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Flora Beverley pivots to positive

CC Claire Coakley

Photography courtesy of Jake Baggaley

Food Fitness Flora takes action on anxiety with boxing, productivity and gratitude goals. Plus, there's pizza.

A long run, with the sun on my face, makes for a very happy Flora

What does feel-good look like? 

A long run, with the sun on my face, makes for a very happy Flora. The sound of birds and trees in the breeze. Listening to nature instantly relaxes me, which is why I spend so much time in it. Most of my runs are without headphones so I can listen to nature. I'm always drawn to it after too long inside and I can't imagine life without that.

Act against anxiety

My biggest cure for anxiety is action. There’s nothing worse to me than sitting and stressing, unable to do anything to help myself. I love planning so that helps too! Having experienced quite bad mental health issues in the past, I have pretty good coping mechanisms now.  At the beginning of lockdown I lost two months’ work, as there wasn't any going. As a social media consultant, usually I work with a couple of clients face to face or over the phone, but obviously wasn't able to see anyone over lockdown. So I created a general social media growth guide for anyone wanting to work on their social media over lockdown. It's been a great success!

Work to live

The start of lockdown was difficult because of all the unknowns. But as I work to live, not the other way around, I found myself really enjoying the slower pace. Usually, my week is filled with at least five events, daily meetings, travel between Dorset and London to see my partner, lots of workouts and classes…. then a little bit of home time. Then a little bit of home time. At first, I panicked that without these I'd be bored, but I found things that benefited my mental health, from landscape gardening to writing.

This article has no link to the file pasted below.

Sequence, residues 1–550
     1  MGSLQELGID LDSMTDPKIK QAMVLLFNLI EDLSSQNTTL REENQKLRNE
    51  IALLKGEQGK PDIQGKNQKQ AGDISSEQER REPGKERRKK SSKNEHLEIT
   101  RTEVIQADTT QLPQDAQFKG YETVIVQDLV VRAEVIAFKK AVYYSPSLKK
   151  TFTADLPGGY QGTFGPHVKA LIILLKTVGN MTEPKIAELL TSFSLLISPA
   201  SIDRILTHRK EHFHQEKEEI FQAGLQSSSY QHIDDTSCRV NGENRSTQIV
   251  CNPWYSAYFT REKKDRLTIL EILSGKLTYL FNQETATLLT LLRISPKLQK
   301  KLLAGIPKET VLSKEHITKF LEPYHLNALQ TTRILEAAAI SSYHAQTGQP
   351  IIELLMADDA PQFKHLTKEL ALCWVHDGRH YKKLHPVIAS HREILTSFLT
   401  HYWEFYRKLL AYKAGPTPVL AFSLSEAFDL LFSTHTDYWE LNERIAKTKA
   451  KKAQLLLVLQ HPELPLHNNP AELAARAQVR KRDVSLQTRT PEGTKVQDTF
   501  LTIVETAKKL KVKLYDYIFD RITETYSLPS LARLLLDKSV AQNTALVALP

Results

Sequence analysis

Free up mental space

My two-minute productivity rule states if something will take two minutes or less, do it now. There are so many things we put off again and again – booking an appointment, logging meter readings, unloading the dishwasher, posting a letter, sending an email, paying a bill.

We tend to stress over each until the sum of all the ‘small tasks’ feels insurmountable. The rule is from a slightly irritating self-help book, Getting Things Done by David Allen. But, for me, it really does work. This, combined with a to-do list (because I forget), means I get so much more done. This leaves more leisure time, which I don't fill with more work.

More important than freeing up time, it frees up the mental space I would have spent worrying about everything I had to do. I still have my moments, but I’m certainly better than I was. 

Check your intention

I started doing ‘fitness’ (as opposed to sports) as a way to lose weight, mainly because I felt like I ate too much to lose weight through dieting alone. After finding several sports that I loved, I saw results that I didn't see with training that I hated. The less I focused on aesthetics and the more I focused on enjoyment and performance, the better I got. And the closer I ended up looking to how I wanted to look when I started out. Now, my training is entirely focused on enjoyment and performance, in that order.